Familial mediterranean fever (FMF) is a hereditary inflammatory disorder,which caused by mutations in MEFV gene located on short arm of Chromosome 16 p13.3.The majority of patients onset before the age of 10 years,which is characterized clinically by the episodes of inflammatory reaction and serositis,including fever,peritonitis,synovitis and pleurisy.AA-amyloidosis with kidney failure is the most important complication.The children patients were diagnosed mainly on clinical evaluation and the criteria developed by Yal(c)inkaya.The ultimate goal of treatment in FMF is to obtain complete control of unprovoked attacks and minimise subclinical inflammation in between attacks.The only agent that decreases the frequency and severity of the episodes and the development of amyloidosis is colchicine,which should be startcd as soon as a clinical diagnosis is made,alternative biological treatments such as IL-1 receptor antagonist are indicated in patients with non-responders or resistant to colchicine.%家族性地中海热(familial mediterranean fever,FMF)是一种常染色体隐性遗传病,致病基因MEFV位于染色体16p13.3.多数患者在10岁前发病,主要临床表现为反复发作的短暂的炎性反应和浆膜炎,包括发热、腹膜炎、滑膜炎和胸膜炎,肾脏淀粉样变为其最重要的并发症.儿童病例的诊断主要依据Yal(c)inkaya等提出的标准.FMF的治疗目标是控制急性发作和减少亚临床的炎性反应,秋水仙碱能有效治疗FMF,控制或减少发作,同时能预防肾脏淀粉样变的进展,诊断后应尽可能早应用;秋水仙碱无效时可选用IL-1受体拮抗剂等生物制剂.

  8. Discriminating fever behavior in house flies.

    Directory of Open Access Journals (Sweden)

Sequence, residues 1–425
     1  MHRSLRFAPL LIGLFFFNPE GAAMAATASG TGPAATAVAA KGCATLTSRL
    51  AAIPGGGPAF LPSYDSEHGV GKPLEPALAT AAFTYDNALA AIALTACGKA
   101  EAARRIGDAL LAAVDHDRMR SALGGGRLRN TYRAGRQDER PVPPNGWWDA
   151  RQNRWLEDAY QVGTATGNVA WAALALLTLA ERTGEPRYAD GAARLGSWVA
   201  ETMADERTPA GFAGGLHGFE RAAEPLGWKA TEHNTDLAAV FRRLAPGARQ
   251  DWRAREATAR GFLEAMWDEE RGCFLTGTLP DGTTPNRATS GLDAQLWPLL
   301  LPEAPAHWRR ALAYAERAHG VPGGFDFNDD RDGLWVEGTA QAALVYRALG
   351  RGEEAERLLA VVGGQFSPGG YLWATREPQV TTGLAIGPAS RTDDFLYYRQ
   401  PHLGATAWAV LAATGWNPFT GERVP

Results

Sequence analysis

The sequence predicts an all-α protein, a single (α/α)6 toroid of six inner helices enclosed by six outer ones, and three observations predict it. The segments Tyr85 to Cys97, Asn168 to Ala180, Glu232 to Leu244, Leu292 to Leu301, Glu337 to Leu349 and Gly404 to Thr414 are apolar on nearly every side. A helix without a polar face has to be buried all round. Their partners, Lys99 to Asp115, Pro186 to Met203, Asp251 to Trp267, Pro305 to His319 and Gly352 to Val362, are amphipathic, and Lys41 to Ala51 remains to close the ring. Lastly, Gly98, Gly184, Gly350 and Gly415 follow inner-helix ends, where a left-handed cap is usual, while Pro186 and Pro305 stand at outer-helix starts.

Robert D Anderson

    Full Text Available Fever has generally been shown to benefit infected hosts. However, fever temperatures also carry costs. While endotherms are able to limit fever costs physiologically, the means by which behavioral thermoregulators constrain these costs are less understood. Here we investigated the behavioral fever response of house flies (Musca domestica L. challenged with different doses of the fungal entomopathogen, Beauveria bassiana. Infected flies invoked a behavioral fever selecting the hottest temperature early in the day and then moving to cooler temperatures as the day progressed. In addition, flies infected with a higher dose of fungus exhibited more intense fever responses. These variable patterns of fever are consistent with the observation that higher fever temperatures had greater impact on fungal growth. The results demonstrate the capacity of insects to modulate the degree and duration of the fever response depending on the severity of the pathogen challenge and in so doing, balance the costs and benefits of fever.

  9. Clinical pathogenesis of typhoid fever

    National Research Council Canada - National Science Library